I love this kind of history.
By Christine Adams and Tracy Adams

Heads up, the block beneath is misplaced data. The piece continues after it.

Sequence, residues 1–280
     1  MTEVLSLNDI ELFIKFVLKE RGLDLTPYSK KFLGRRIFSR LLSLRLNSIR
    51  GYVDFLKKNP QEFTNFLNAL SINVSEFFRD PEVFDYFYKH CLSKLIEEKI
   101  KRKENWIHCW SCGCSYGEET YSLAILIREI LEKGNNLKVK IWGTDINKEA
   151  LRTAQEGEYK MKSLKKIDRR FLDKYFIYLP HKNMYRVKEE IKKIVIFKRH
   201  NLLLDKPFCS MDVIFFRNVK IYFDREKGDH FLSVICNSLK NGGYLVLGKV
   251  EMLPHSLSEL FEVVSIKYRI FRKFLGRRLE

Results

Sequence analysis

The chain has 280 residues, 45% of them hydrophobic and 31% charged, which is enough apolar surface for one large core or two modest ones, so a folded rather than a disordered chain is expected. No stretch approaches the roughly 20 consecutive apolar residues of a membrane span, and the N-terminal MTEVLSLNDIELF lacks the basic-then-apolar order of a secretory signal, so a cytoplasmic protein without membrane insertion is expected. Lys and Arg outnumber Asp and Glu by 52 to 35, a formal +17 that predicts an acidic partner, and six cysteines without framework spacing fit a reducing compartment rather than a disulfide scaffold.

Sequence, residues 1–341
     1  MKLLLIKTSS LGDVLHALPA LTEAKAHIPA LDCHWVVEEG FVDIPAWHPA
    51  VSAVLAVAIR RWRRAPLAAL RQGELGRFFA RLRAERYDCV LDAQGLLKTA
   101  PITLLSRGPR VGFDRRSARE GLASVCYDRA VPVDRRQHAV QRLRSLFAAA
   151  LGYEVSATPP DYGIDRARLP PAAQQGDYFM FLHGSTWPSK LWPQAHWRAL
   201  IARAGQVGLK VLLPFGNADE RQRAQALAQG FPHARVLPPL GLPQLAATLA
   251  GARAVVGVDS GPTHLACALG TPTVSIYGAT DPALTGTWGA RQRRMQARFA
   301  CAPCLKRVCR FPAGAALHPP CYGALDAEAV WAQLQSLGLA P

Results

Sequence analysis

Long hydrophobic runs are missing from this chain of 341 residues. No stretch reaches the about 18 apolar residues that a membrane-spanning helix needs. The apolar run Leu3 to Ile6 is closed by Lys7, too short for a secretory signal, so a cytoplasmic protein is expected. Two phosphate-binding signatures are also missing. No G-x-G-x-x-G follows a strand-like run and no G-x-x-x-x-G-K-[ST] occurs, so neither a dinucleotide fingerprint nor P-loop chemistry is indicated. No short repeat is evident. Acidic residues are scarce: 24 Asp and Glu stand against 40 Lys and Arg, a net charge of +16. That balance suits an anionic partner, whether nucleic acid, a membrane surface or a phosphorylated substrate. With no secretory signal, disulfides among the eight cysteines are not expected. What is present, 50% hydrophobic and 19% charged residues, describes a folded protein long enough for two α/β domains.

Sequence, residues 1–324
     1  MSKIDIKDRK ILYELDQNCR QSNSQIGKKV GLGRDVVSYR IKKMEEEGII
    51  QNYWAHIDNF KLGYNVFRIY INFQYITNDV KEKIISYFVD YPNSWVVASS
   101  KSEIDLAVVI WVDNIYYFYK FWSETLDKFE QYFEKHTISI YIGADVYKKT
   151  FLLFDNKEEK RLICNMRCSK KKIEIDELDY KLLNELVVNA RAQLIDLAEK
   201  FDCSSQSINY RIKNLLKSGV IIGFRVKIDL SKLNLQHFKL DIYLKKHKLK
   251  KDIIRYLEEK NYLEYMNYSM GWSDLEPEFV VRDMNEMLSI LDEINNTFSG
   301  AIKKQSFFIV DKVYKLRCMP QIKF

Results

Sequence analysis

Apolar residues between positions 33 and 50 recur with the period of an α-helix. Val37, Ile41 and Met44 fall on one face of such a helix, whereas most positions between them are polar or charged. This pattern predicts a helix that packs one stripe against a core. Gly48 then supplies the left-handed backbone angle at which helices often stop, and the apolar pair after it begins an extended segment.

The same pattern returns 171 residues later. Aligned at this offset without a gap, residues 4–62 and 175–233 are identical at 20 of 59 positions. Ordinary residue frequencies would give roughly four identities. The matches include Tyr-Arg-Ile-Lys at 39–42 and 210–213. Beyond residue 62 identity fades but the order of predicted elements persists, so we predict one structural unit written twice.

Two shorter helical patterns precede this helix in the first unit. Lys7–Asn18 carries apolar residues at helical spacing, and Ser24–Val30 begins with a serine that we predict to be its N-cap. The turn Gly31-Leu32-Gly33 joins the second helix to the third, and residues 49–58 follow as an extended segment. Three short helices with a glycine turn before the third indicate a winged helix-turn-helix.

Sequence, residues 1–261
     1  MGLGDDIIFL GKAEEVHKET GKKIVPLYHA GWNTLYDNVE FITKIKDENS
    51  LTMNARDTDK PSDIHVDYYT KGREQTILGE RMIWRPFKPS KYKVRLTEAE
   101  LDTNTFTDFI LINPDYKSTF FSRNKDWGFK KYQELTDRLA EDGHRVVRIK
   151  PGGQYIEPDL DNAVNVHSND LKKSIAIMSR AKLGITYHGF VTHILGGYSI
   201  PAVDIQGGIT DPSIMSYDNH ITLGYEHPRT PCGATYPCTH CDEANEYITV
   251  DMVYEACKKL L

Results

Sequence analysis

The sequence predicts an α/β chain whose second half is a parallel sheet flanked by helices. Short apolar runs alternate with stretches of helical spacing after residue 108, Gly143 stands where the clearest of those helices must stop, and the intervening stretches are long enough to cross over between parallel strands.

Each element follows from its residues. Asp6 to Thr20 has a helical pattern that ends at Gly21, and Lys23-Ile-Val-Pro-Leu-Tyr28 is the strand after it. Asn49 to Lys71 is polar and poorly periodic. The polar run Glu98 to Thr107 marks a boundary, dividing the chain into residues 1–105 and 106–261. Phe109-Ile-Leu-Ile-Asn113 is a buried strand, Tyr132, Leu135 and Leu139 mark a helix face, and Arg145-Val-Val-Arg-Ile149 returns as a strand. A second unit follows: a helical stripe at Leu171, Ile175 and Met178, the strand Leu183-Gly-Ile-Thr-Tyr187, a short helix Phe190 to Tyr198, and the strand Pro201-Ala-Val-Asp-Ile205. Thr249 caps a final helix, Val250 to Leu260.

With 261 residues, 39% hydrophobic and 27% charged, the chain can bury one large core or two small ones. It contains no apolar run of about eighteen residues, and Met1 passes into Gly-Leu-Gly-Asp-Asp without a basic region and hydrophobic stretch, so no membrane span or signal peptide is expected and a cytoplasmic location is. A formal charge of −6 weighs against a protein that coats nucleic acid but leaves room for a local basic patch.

When Louis XV of France elevated Jeanne-Antoinette Poisson, later the Marquise de Pompadour, to the position of royal mistress in 1745, courtiers were shocked; the Duke of Luynes wrote that she could only be agalanterie(fling), not a mistress. It was inconceivable that a woman from a bourgeois background, “whose mother is named Mme Poisson” (French for fish) could be the nextmaîtresse déclaréeof the king.But while the tradition of choosing the royal mistress from among aristocratic ladies of the court came to an end with Pompadour’s elevation, she stepped into a position that had, by the eighteenth century, a long genealogy. Rulers throughout the world had always had extra-conjugal sexual partners; history is replete with stories of powerful mistresses and concubines.But only in early modern France did the royal mistress become a tradition, a quasi-institutionalized political position…
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